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Opchat Magazine Charity PageCharity News, July to September 2019

 

 


New picture book will promote better eye health for people with learning disabilities
Report from the Royal National Institute of Blind People Scotland on their assistance for National Eye Health Week
Blindness is no barrier to Charity Walking
Autumn push for VCHP fundraising urged
Kilimanjaro Climb for Croydon Vision
Read archived charity news from April to June here

New picture book will promote better eye health for people with learning disabilities

October 2019

Adults with learning disabilities are 10 times more likely to have serious sight problems than other people, yet research shows that 50% of adults with learning disabilities haven’t had a sight test for at least two years.

Most will need extra support to recognise and report changes in their vision, and also to access the eye care services to which they are entitled. For this reason, publishing charity Beyond Words and disability and sight loss charity SeeAbility, have teamed up to launch a new resource, carefully designed to open up conversations, improve awareness and understanding, and support informed decision-making around eye health.

The wordless story, Looking After My Eyes, raises awareness of the importance of regular eye tests and everyone’s right to good quality eye care that meets their own particular needs. It demonstrates the reasonable adjustments that eye care service providers are legally required to make to ensure their services are accessible.

Looking After My Eyes tells a story completely through pictures which anyone can follow, whether or not they can read words. The pictures follow the journeys of two characters – one who gets her first pair of glasses and a second who undergoes surgery for cataracts. Professional best practice is demonstrated throughout and the characters’ emotional responses to their experiences are central to the story. Supplementary text at the end of the book gives useful background information on eye health and eye care, and signposts other relevant resources.

Over 18 months of research and development, authors Baroness Sheila Hollins (Beyond Words), Stephen Kill (SeeAbility), Scott Watkin BEM (SeeAbility) and Prof. Margaret Woodhouse (Cardiff University) worked together with artist Beth Webb, advisors with learning disabilities, their supporters and other eye care professionals to create the book. Throughout the development process, feedback was sought from over 70 adults with learning disabilities so that their ideas and experiences could be incorporated into the pictures.

The book is printed in a larger landscape format to make it easier to see and can be used to prepare someone before having an eye test, hospital visit or operation. It can also be used to help someone to understand the adaptations that are available for people with sight problems. Eye care professionals will find it an invaluable communication tool during consultations and before treatments.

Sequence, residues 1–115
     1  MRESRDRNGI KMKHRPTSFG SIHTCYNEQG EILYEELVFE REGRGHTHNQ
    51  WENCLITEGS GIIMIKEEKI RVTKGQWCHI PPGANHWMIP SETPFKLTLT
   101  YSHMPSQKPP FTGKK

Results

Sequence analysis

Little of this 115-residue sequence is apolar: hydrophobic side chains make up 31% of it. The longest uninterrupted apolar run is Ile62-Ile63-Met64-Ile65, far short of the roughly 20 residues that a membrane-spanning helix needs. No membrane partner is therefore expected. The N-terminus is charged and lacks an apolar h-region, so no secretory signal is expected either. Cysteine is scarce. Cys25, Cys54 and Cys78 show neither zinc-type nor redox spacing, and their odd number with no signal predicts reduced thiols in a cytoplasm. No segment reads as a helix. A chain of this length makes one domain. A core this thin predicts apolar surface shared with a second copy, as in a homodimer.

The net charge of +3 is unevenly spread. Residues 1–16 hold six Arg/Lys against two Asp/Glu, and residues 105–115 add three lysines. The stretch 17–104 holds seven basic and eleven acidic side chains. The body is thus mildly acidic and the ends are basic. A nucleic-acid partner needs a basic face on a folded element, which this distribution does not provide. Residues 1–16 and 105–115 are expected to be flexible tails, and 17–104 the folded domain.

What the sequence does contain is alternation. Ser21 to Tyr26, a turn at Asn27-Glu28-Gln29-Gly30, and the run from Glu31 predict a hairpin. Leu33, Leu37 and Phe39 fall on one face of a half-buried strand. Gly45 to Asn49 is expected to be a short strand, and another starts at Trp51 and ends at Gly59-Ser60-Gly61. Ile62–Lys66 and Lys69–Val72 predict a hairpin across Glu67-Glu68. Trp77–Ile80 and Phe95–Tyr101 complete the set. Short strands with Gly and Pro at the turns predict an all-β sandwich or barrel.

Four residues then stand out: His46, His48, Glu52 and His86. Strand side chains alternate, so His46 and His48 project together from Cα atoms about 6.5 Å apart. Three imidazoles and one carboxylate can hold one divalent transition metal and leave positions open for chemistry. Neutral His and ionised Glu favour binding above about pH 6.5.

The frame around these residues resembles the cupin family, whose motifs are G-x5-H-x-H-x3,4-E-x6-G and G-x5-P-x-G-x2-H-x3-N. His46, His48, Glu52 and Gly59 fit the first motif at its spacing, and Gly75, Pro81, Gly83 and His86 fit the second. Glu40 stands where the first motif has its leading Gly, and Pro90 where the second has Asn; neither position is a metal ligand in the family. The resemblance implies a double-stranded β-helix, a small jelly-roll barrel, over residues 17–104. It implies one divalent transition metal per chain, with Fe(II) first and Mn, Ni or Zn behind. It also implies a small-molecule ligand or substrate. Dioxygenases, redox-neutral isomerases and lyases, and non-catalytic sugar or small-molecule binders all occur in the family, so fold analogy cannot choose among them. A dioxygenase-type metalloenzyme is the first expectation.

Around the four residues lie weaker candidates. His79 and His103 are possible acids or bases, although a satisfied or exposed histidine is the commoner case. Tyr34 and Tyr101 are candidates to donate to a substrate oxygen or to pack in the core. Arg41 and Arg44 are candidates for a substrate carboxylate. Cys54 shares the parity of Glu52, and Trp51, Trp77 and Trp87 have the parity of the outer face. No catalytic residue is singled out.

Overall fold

Baroness Hollins said: “Being able to see is something we may take for granted until we experience sight loss ourselves. Losing one’s sight can have a devastating effect on almost every aspect of our lives. I hope that this book will help to inform and prepare everyone who reads it for if and when their own sight is impaired.”

Scott Watkin BEM, Head of Engagement at SeeAbility said: “No one is too disabled to have a sight test and no one should have to live with vision problems. It took me a long time to find the support I need but this book will help more people with learning disabilities get the right support in time.”

The book was launched at the Beyond Words 30-year anniversary event on 3 September at the House of Lords.

Report from the Royal National Institute of Blind People Scotland on their assistance for National Eye Health Week

October 2019

RNIB ScotlandThe new V&A Dundee Museum and the Callanish Standing Stones are among four iconic Scottish landmarks to feature in a nationwide campaign to promote healthy eyes.

The landmarks were pictured on a series of specially produced coasters as seen through the eyes of someone with a common sight loss condition. The coasters have been produced by the charity RNIB Scotland to mark National Eye Health Week last week.

The charity distributed these to selected pubs and cafes throughout the country with a message urging everyone to go for regular eye examinations, which are free in Scotland, at local optometrists.

Images on the coasters in the series feature Edinburgh Castle (as seen through age-related macular degeneration), the Callanish Stones in the Western Isles (as seen through diabetic retinopathy) the Dundee Victoria and Albert Museum (as seen through glaucoma) and Buchanan Street in Glasgow (as seen through cataracts).

Cate Vallis, campaigns officer for RNIB Scotland, said: "With many sight loss conditions, damage to vision can be arrested or even reversed if the symptoms are detected early enough. Glaucoma, for example, can usually be successfully treated. That's why it's so very important that people do get their eyes examined every two years."